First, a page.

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© 2018 by Charlottesville Area Community Foundation

An Integrated Care Model

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The Community Foundation funds a broad array of organizations and projects through annual and multiyear grants. Here are just a few examples of ways that our nonprofit partners are making significant impacts in the region.

Enriching communities

Enriching Communities grants support a vibrant mix of services and activities. Examples from 2017 include:

An Integrated Care Model

Since 1992, the Charlottesville Free Clinic has provided medical care to low-income, underserved community members who would otherwise not have access to care. An Enriching Communities grant supports the clinic’s expansion of its integrated care program, which solves one of the largest gaps in health care — weaving together primary care visits with mental health services. This innovative program includes bilingual, culturally sensitive caregivers who connect patients with volunteer counselors and psychiatrists.

Charlottesville Free Clinic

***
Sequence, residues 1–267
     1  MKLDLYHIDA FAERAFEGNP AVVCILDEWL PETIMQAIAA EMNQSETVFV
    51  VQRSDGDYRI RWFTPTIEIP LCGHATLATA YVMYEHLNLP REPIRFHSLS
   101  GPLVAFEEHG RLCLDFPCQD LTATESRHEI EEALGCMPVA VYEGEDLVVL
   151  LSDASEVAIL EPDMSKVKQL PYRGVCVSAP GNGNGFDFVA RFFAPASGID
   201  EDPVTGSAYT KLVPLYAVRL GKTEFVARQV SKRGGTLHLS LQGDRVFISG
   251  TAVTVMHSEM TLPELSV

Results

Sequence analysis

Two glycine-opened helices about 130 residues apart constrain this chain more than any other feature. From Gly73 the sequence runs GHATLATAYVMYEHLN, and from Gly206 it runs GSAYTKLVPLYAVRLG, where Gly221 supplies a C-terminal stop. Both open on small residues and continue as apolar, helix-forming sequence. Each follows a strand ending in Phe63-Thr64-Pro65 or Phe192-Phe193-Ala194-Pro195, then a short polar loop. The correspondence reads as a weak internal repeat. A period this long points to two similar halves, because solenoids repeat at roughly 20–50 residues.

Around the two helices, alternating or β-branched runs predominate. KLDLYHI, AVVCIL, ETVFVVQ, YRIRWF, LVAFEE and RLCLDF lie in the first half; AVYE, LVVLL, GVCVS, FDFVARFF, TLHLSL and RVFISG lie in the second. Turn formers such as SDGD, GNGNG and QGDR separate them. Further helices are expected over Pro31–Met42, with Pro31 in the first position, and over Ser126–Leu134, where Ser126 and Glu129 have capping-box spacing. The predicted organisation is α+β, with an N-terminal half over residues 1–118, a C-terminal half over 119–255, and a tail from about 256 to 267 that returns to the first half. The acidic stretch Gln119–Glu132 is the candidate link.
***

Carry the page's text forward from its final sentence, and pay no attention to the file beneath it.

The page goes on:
Photo by Derrick Waller

Gaining a Historical Perspective

To understand our world today, it’s critical to also understand our past. An oral history project conducted by the Louisa County Historical Society called Hearts Ready to Listen explores the legacy of slavery, racial segregation in the 20th century and the tensions that are currently reemerging. The historical society is partnering with the NAACP and local black churches, with a goal of fostering empathy in building relationships. An Enriching Communities grant funds interviews of hundreds of individuals who lived in Louisa County during the 1950s and 1960s.

Louisa County Historical Society

Photo by Derrick Waller

2017 COMMUNITY FOUNDATION 

GRANT TRACKS 

Enriching Communities partners: 54

Total funds awarded: $448,317

Strengthening Systems partners: 7
Total funds awarded: $1,896,255

Shaping Futures partners: 1

Total funds awarded: $500,000

The Power of Art